Cornell students study climate change impact in Tonga

Matangi Tonga Online, 8th April 2019

A group of students from Cornell University, an Ivy League research university in Ithaca, New York, were in Nuku’alofa last week to look at the impact of climate change in Tonga as part of their Spring break workshop focusing on the Pacific.

The university’s Department of City and Regional Planning Professor Gerard Finin, said Tonga has some very low-lying areas and some real climate change challenges.

“This was really a golden opportunity to gain a broader and deeper appreciation on the ground both culturally as well as in terms of what government, NGO’s and the private sector are all doing to address the pressing climate change issue.”


As part of their research, the students looked at various scenarios caused by climate change that might happen and already happening, such as rising sea levels, drought, and impacts on economic development.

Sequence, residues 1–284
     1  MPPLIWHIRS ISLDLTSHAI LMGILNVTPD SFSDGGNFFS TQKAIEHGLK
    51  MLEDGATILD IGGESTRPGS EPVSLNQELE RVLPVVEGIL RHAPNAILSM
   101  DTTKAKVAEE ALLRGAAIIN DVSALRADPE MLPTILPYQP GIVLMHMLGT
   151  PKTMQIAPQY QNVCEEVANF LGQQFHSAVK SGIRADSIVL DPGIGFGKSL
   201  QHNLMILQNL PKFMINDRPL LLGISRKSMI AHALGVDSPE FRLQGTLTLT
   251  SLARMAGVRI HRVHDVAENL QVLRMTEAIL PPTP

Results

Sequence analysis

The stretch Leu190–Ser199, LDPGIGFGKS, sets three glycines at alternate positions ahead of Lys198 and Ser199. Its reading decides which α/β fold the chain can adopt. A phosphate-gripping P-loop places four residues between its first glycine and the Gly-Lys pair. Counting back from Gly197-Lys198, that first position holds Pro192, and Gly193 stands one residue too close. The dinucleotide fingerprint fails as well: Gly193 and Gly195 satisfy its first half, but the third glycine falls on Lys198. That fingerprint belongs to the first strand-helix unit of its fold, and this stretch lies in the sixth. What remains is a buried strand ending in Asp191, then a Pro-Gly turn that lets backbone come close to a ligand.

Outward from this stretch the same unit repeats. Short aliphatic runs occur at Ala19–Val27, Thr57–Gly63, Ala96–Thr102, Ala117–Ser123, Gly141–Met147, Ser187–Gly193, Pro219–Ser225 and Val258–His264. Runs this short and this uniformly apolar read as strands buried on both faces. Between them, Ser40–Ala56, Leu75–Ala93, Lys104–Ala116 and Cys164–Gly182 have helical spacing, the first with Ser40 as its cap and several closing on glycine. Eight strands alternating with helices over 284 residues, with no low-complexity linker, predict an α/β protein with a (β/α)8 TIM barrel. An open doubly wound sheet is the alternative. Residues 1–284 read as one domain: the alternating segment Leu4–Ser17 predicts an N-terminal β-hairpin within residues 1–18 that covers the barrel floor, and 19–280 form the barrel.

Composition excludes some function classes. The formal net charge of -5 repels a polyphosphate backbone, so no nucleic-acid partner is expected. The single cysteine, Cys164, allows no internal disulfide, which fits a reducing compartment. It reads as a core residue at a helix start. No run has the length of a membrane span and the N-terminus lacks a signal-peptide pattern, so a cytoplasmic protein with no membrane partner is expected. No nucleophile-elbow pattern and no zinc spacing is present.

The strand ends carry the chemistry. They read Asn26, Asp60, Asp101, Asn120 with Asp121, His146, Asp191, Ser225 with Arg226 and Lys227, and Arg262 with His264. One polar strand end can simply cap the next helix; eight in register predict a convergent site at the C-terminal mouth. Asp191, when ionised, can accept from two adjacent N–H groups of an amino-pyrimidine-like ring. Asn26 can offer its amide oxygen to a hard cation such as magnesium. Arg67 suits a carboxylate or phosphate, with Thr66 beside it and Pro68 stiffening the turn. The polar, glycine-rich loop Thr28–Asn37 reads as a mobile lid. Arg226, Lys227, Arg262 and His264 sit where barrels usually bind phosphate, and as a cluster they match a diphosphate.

Lukas, a second-year master’s degree student said they spoke about these scenarios and possible policy solutions that might work to solve them with various government ministries, NGOs and the private sector.

One of the scenarios is coastal erosion, occurring at a more rapid rate than it is now, with bigger king tides, continuous sea level rising, and more cyclones, and looking at where people who lose their land would go, he said. 

“I think the biggest thing we’ve heard that’s kind of challenging is the [Tongan] land system.”

“One of the solutions we talked about was the possibility of a potential free association relationship with another country,” he said.

“So, I think it’s going to be tough finding creative solutions, but I think there’s going to have to be consideration of either smaller land plots or even the idea of multi-family housing, which seems to be very uncomfortable culturally.”

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